Trinidad, I am not too sure about Tobago, is in line for a world award—the world’s bumpiest roads. It takes the greatest toll on suspensions, shocks and almost every moving part of any vehicle. I have studied the problem for over 50 years.
Motorists complain; public transport complains; truckers beg for relief but it doesn’t seem to matter to the Works ministry or Corporation authorities. Whenever they get around to fixing the myriad of potholes, of which there are too many to count these days—highways, main roads and secondary roads—it simply means either filling them with blue metal or bitumen (where available) and so many times without a roller.
At the end of what seems like a complicated procedure, roads in this country end up like the sea, very wavy and very hard to negotiate because roads either have little hillocks or conversely dressed-up sinks. So, drivers have to become accustomed to the wavy nature of our roads. Smooth or level roadways are a rarity.
Of course, there is another player in this road movie and the main actor is the Water and Sewerage Authority (WASA). It would seem that when roads are dug up to repair parts of their leaking pipe network, their engineers take a holiday and the holes created are filled with dirt and a layer of blue metal which is fodder for vehicle’s wheels passing over them. Result: bigger potholes and scattered stones.
Let me give you one example: take Warner Street in St Augustine, a roadway that’s a little more than a mile long which has been transformed from a rural road in decades past to a main road, particularly on mornings and evenings.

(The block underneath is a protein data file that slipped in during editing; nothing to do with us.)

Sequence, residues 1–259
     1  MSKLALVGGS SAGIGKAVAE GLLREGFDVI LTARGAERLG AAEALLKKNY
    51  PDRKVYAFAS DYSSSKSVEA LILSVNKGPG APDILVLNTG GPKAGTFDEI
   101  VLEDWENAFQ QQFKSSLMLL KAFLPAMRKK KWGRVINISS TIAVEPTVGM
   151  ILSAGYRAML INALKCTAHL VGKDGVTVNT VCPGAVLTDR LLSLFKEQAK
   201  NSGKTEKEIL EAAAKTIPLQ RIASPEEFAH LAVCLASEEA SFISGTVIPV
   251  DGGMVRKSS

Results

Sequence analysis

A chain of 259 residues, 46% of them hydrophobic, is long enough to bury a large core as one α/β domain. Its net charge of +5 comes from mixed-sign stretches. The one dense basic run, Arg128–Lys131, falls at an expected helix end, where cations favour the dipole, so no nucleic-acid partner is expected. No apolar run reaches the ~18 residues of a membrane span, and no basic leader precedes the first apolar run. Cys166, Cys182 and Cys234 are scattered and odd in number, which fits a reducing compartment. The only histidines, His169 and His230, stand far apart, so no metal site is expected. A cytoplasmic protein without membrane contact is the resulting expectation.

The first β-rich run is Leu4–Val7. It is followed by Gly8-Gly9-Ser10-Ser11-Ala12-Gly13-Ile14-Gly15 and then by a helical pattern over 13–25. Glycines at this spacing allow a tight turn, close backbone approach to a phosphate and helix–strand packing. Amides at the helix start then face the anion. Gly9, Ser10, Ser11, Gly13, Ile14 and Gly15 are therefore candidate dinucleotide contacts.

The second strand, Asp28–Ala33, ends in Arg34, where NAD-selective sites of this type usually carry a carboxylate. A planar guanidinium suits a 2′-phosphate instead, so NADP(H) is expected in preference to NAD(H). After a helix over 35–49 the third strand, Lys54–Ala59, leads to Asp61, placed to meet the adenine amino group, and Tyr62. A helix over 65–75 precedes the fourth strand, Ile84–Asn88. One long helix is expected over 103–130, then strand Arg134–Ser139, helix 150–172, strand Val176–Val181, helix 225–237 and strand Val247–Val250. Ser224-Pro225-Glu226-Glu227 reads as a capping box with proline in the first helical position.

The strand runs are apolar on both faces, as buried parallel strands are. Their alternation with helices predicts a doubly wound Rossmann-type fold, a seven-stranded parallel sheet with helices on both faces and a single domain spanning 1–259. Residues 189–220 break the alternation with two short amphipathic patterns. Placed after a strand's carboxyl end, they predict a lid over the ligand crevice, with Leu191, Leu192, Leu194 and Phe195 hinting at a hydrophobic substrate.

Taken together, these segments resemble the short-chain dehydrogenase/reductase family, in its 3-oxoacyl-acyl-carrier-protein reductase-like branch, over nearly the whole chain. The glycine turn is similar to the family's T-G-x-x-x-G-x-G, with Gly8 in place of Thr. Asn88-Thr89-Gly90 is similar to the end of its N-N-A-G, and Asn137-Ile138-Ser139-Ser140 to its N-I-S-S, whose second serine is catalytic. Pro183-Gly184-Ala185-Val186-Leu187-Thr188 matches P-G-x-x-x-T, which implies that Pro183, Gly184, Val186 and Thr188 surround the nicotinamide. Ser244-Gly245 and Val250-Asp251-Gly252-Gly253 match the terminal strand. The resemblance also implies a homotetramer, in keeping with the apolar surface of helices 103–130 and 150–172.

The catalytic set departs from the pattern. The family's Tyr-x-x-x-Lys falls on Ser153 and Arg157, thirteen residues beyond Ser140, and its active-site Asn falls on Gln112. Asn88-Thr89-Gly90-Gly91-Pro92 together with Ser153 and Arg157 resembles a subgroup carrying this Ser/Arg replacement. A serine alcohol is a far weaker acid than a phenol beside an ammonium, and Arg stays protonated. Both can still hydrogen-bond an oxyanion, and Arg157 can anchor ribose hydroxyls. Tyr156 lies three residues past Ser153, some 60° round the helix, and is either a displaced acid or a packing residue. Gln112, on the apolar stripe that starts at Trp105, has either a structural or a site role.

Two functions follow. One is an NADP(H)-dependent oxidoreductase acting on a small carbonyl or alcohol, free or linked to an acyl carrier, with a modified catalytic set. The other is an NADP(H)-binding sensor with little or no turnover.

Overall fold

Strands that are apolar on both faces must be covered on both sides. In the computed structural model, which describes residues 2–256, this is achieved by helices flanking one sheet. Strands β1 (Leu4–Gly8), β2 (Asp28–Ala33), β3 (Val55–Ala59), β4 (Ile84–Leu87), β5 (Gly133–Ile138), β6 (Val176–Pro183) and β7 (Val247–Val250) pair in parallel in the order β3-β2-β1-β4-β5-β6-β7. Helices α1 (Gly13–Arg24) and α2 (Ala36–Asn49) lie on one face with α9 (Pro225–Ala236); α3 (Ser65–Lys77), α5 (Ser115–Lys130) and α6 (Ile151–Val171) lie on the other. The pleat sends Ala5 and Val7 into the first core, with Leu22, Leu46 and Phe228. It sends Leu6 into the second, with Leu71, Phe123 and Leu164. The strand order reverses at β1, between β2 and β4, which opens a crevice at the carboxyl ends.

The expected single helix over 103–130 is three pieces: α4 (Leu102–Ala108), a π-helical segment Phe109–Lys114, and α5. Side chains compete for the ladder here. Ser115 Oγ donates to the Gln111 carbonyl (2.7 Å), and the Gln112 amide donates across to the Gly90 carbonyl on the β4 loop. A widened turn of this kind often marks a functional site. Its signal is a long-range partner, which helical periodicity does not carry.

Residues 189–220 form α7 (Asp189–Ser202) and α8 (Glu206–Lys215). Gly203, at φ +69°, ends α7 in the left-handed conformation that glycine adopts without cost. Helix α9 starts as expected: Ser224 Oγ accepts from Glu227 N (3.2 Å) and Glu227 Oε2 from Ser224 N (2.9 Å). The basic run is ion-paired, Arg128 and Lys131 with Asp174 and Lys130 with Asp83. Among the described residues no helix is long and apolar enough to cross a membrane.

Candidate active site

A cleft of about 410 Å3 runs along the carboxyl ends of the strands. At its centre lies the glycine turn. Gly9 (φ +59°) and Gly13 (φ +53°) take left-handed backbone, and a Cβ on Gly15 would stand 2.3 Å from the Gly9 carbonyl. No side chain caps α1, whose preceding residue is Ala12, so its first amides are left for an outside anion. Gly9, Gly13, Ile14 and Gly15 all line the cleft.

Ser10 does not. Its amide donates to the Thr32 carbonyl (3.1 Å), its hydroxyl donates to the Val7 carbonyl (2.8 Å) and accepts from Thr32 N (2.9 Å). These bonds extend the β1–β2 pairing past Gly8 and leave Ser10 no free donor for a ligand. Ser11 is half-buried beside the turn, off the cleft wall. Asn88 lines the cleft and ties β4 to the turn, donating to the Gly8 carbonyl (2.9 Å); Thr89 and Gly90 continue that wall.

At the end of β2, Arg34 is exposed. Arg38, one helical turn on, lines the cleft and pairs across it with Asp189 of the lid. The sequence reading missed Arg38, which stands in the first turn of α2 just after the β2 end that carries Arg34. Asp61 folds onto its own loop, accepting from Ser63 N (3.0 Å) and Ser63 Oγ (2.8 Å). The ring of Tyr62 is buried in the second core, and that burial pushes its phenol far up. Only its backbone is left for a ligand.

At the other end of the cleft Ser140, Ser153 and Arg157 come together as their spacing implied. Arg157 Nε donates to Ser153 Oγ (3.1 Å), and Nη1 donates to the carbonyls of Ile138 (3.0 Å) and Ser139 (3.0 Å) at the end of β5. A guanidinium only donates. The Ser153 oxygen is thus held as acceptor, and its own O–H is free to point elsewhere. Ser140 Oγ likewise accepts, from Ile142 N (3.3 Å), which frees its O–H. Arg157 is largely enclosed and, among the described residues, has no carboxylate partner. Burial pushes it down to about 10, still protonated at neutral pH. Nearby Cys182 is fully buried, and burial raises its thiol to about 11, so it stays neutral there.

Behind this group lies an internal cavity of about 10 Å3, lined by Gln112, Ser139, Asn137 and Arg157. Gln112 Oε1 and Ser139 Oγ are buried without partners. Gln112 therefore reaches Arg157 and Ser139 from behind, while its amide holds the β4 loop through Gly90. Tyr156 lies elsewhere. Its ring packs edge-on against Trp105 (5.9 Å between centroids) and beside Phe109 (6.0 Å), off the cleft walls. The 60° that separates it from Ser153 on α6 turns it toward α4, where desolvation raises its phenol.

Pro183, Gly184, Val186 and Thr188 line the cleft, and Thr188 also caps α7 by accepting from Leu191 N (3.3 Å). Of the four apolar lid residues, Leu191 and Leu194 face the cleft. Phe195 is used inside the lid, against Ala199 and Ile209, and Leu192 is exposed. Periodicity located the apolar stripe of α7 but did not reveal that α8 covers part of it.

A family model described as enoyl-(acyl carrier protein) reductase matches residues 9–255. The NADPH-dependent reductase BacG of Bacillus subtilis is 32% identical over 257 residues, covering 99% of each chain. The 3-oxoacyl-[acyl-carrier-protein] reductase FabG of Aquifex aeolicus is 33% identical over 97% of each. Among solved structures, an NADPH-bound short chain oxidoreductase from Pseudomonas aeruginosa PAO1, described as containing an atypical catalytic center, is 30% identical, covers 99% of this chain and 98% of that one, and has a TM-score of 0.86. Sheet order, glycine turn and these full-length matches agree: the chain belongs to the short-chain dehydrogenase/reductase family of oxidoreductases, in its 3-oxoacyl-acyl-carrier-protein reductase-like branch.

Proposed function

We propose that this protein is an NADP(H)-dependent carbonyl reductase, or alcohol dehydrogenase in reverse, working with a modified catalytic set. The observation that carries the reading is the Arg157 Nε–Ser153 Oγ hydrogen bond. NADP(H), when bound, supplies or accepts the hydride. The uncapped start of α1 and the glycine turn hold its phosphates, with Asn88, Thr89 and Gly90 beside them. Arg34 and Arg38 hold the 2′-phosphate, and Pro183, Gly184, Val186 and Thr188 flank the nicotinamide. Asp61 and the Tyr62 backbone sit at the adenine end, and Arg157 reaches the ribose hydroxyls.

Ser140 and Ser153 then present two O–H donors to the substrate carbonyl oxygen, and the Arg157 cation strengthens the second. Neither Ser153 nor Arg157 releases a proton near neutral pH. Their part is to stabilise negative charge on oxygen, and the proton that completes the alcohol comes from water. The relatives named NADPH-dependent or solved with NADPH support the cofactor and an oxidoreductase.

It starts off at St John Road on its eastern end with a depression on the right that has been there for decades. Further on the left, about 15 feet from the depression, a large pothole has been ‘repaired’ but it is higher than the original roadway.
Ten feet along is an unpainted road hump used in the fight against speedsters. Wilson Street corner to Deane Street feels like the Tobago ferry going through the Bocas—a leak and several bumps on the road further down after several unpainted humps all the way to Warren Street. The law officers feel safe doing duty watching the schools along the one-way streets.
This is what motorists all over the country are forced to face daily. Can anything be done? Not really because the authorities seem deaf to the cries of the people.
Another problem lies with our postal service. Do you know it takes at least two weeks to get mail from source to anywhere in Trinidad and Tobago? Topping that is the problem of credit card and bank statements, telephone, WASA and electricity bills, which in every case is dated as much as three weeks prior to their being received.
So, you receive these bills many times, after the payment due dates according to the statements, but the hard part is that banks and TSTT are quick to charge late fees or in the case of telephones, cut your lines. All we peons ask is that a better and regular postal service be put in place so all our bills can be paid on time. Is that too much to ask?
By Vernon Khelawan